Report on Poas (Costa Rica) — February 1981
Scientific Event Alert Network Bulletin, vol. 6, no. 2 (February 1981)
Managing Editor: Lindsay McClelland.
Poas (Costa Rica) Phreatic explosions
Please cite this report as:
Global Volcanism Program, 1981. Report on Poas (Costa Rica) (McClelland, L., ed.). Scientific Event Alert Network Bulletin, 6:2. Smithsonian Institution. https://doi.org/10.5479/si.GVP.SEAN198102-345040
10.2°N, 84.233°W; summit elev. 2697 m
All times are local (unless otherwise noted)
Fumarolic activity continued during August and early September. Sulfurous vapors emitted under pressure from the N wall of the dome in the crater lake rose noisily in an almost continuous column about 200 m high. The lake color was turquoise green. Temperatures registered 40°C in the N part of the lake, 45°C in the S part near the "dome," and 70-90°C in accessible fumaroles on the dome.
On  September at 0950 an explosion from the S part of the lake (near the "dome") produced a 250-m-high column of lake water laden with ash, sand, and small blocks rich in mineralized sulfur. The ejecta fell back into the lake and onto the E shore where they covered an area of 50 m2. A landslide that originated from the NE part of the "dome," the area of greatest fumarole activity, deposited debris in the lake and changed the morphology of the E sector of the crater.
The initial activity was followed by similar explosions throughout September and October [but see 06:03 and 06:05]. Institute of Volcanology scientists had predicted resumption of phreatic activity from the thermal behavior of the lake, which had been similar to the pattern observed before previous such eruptions. Temperatures declined slightly in October, to 40°C in the NE part of the lake from 45°C in September, and to 45°C in the SE sector (near the September explosion site) from 50°C in September. Temperatures of the accessible fumaroles on the dome continued to oscillate between 70 and 90°C in September and October.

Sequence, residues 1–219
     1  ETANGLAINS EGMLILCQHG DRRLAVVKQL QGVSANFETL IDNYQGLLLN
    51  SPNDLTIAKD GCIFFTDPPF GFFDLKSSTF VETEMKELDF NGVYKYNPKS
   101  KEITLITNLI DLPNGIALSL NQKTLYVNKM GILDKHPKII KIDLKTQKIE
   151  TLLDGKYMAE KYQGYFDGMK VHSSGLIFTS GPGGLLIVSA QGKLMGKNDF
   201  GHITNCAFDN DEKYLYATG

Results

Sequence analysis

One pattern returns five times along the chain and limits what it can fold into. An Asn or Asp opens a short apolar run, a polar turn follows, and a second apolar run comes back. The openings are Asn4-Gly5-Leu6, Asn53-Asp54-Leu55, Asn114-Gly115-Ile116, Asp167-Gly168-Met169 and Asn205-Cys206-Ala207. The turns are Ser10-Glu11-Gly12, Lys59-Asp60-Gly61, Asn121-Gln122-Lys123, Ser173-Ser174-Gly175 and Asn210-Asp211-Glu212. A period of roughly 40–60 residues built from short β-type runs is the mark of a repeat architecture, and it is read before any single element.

Geological Summary. The broad vegetated edifice of Poás, one of the most active volcanoes of Costa Rica, contains three craters along a N-S line. The frequently visited multi-hued summit crater lakes of the basaltic-to-dacitic volcano are easily accessible by vehicle from the nearby capital city of San José. A N-S-trending fissure cutting the complex stratovolcano extends to the lower N flank, where it has produced the Congo stratovolcano and several lake-filled maars. The southernmost of the two summit crater lakes, Botos, last erupted about 7,500 years ago. The more prominent geothermally heated northern lake, Laguna Caliente, is one of the world's most acidic natural lakes, with a pH of near zero. It has been the site of frequent phreatic and phreatomagmatic eruptions since an eruption was reported in 1828. Eruptions often include geyser-like ejections of crater-lake water.
Information Contacts: J. Barquero H., Univ. Nacional, Heredia.